China: Level four alert for bubonic plague *2 updates*

Bubonic plague, China, Deaths, Health, Healthcare, Infection, Mongolia, Symptoms, Transmission

Level four alert for bubonic plague in Ningxia Hui, China.

Northwest China’s Ningxia Hui Autonomous Region issued a level IV emergency response on plague prevention and control on Tuesday night, after one patient was confirmed to be infected with the zoonotic bacteria.

Bubonic plague is a severe infectious disease that is highly transmissible and has a high fatality rate. It is a Class A infectious disease, the highest classification under China’s Law on the Prevention and Treatment of Infectious Diseases.

It can be a very severe disease in people, with a fatality ratio of 30 to 60 percent for the bubonic type and is always fatal for the pneumonic kind when left untreated, according to the WHO.

Global Times report


UPDATE 1 – 21st July 2022 – There have been 11 cases and four deaths from bubonic plague in China since 2019

In the past four years, there have been sporadic cases of plague every year in China, mainly in Inner Mongolia and Ningxia.

In 2019, 5 cases of plague were reported nationwide and 1 person died. Among them, there are 4 confirmed cases of plague publicly reported in Inner Mongolia.

In 2020, 4 cases of plague and 3 deaths were reported nationwide (1 case was reported in 2019). Among them, 2 plague deaths occurred in Inner Mongolia.

In 2021, 1 case of plague was reported nationwide. The patient was admitted to the General Hospital of Ningxia Medical University, and lived in Chabu Commune, Wulan Town, Ordos City, Inner Mongolia Autonomous Region, and engaged in grazing work all the year round.

With this one case this year, the number of reported cases of plague in the past four years has reached 11. report  (in Chinese)


UPDATE 2 – 21st July 2022 – Hong monitoring the Chinese case of bubonic plague closely

Hong Kong CHP closely monitoring the plague case in Yinchuan

The Centre for Health Protection (CHP) of the Department of Health today (July 21) received notification from the National Health Commission of a bubonic plague case in Yinchuan, Ningxia Hui Autonomous Region, and is closely monitoring the situation.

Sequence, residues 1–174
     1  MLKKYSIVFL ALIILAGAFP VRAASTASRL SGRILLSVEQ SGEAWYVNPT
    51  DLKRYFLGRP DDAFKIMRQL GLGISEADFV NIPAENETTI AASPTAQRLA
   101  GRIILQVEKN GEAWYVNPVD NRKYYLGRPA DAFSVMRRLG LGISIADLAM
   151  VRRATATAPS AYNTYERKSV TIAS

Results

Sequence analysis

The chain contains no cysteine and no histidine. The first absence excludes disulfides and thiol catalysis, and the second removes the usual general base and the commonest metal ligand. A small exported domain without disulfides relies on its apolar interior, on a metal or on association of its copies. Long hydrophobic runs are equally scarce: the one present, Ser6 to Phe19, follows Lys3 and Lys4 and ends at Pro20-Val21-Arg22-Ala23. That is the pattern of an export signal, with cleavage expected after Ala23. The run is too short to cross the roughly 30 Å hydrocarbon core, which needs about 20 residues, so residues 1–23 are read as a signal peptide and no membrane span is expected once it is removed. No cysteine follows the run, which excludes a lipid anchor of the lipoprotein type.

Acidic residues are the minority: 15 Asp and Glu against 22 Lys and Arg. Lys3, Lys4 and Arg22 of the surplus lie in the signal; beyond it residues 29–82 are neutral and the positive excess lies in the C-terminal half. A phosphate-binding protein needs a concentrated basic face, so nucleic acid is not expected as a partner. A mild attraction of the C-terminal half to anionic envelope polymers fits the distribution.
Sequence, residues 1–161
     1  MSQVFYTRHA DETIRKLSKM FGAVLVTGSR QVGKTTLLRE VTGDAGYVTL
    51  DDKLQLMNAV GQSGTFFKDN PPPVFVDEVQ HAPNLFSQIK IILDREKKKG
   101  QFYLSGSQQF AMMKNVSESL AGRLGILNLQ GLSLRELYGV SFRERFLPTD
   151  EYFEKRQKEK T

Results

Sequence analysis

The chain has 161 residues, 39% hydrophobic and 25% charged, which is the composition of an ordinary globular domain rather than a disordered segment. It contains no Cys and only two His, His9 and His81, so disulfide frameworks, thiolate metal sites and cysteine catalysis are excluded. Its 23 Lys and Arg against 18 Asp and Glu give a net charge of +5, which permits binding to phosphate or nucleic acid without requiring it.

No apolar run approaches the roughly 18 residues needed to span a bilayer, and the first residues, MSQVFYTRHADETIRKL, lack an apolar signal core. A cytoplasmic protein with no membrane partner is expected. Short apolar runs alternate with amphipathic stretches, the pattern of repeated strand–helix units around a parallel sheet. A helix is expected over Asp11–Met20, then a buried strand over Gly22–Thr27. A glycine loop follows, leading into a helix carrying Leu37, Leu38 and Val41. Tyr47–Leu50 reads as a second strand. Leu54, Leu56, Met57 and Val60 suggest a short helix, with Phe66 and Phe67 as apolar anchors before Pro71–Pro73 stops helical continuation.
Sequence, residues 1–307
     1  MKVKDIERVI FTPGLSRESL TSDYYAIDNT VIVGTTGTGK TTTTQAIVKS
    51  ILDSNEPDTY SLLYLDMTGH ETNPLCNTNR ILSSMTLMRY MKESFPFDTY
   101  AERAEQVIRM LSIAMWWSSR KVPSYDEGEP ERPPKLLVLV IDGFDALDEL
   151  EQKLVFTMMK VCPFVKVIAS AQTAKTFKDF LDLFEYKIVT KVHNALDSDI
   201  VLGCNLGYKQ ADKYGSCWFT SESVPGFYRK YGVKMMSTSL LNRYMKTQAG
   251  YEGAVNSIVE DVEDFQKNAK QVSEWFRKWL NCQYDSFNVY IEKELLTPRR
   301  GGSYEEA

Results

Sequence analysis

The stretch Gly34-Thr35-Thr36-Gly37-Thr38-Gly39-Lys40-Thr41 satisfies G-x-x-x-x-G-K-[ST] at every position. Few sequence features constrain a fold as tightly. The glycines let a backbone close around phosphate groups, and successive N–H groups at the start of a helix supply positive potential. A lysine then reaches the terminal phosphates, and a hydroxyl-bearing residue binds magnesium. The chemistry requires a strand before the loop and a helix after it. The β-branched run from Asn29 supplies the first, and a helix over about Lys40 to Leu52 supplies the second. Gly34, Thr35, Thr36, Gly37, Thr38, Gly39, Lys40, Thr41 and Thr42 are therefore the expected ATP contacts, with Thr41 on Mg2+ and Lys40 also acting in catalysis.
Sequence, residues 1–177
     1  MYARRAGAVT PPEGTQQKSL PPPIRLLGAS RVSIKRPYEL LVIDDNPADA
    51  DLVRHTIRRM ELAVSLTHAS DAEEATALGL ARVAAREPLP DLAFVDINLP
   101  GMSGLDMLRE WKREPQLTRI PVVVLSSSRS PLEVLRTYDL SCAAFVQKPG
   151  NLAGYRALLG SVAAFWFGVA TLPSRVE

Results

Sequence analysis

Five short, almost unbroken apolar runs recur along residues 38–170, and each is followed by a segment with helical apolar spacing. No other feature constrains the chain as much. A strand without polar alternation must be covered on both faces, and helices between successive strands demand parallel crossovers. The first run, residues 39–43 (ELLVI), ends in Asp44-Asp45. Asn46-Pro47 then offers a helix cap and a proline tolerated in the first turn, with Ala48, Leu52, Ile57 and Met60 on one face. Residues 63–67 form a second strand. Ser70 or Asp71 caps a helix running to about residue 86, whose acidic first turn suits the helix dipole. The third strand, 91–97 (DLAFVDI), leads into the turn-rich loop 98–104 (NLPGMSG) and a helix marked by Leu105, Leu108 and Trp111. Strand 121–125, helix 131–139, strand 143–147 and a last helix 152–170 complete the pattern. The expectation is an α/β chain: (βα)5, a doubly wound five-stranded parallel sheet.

The case involves a 45-year-old male patient living in Yinchuan. He worked on a farm in Ordos, Inner Mongolia Autonomous Region. He developed symptoms on July 12 and was confirmed to have bubonic plague on July 19. The patient is currently in stable condition.

A spokesman for the CHP said, “Plague is transmitted from an infected animal (mainly rodents) to humans through the bite of its fleas. Plague can also be contracted when cuts or other breaks in the skin come into contact with the body fluid or tissue of infected animals. Consumption of infected animal tissues and inhalation of infected respiratory droplets are also a possible mode of transmission.”

The spokesman explained that bubonic plague is a kind of plague which is not usually transmitted directly from person to person unless there is contact with pus from suppurating buboes. Patients infected with bubonic plague usually present with fever, headache and painful swelling of the regional lymph nodes, especially around the groin. The infection can progress to septicaemic plague when the bacteria invade the blood stream.

The spokesman reminded travellers to avoid visiting plague-endemic areas. They should also heighten vigilance on rodents and prevent flea bites. Insect repellents against mosquitoes may equally prevent flea bites and deter blood-sucking insects. Formulations in lotions or sprays should contain DEET, IR3535 or icaridin (also known as picaridin) as active ingredients. The public should refer to the CHP’s tips for using insect repellents.

“Travellers returning from affected areas with a sudden onset of fever, shaking chills, body pains or chest discomfort should seek medical advice as soon as possible and reveal their travel history for prompt investigation and management. Plague is a statutorily notifiable disease and doctors should report suspected or confirmed cases to the CHP for investigations and control,” the spokesman added.

Travellers should take heed of the health advice below during travel:

  • Prevent flea bites by wearing long-sleeved shirts and trousers, and applying insect repellent/insecticide. DEET-containing insect repellent can be applied to exposed skin and clothing, while insecticide containing permethrin can be applied to clothing, not the skin
  • Avoid going to rural areas, camping or hunting
  • Never eat or touch rodents, dead animals and their tissues or contaminated materials
  • Avoid close contact with patients, especially those with cough or chest infection
  • Avoid going to crowded areas
  • Seek medical care immediately in case of a sudden onset of fever, chills, painful lymph nodes, difficulty in breathing with coughing and/or blood-tainted sputum
  • Consult a doctor immediately after contact or exposure to pneumonic plague patients or high-risk exposures, such as bites from fleas or direct contact with body fluids or tissues of potentially infected animals, for prompt assessment of the need for preventive medication.


Hong Kong government information page


High Consequence Infectious Diseases:




Iraq: Unprecedented Crimean-Congo haemorrhagic fever numbers





Photo Credit:Content Providers(s): CDC, Public domain, via Wikimedia Commons



** This post was originally published on July 19, 2022 **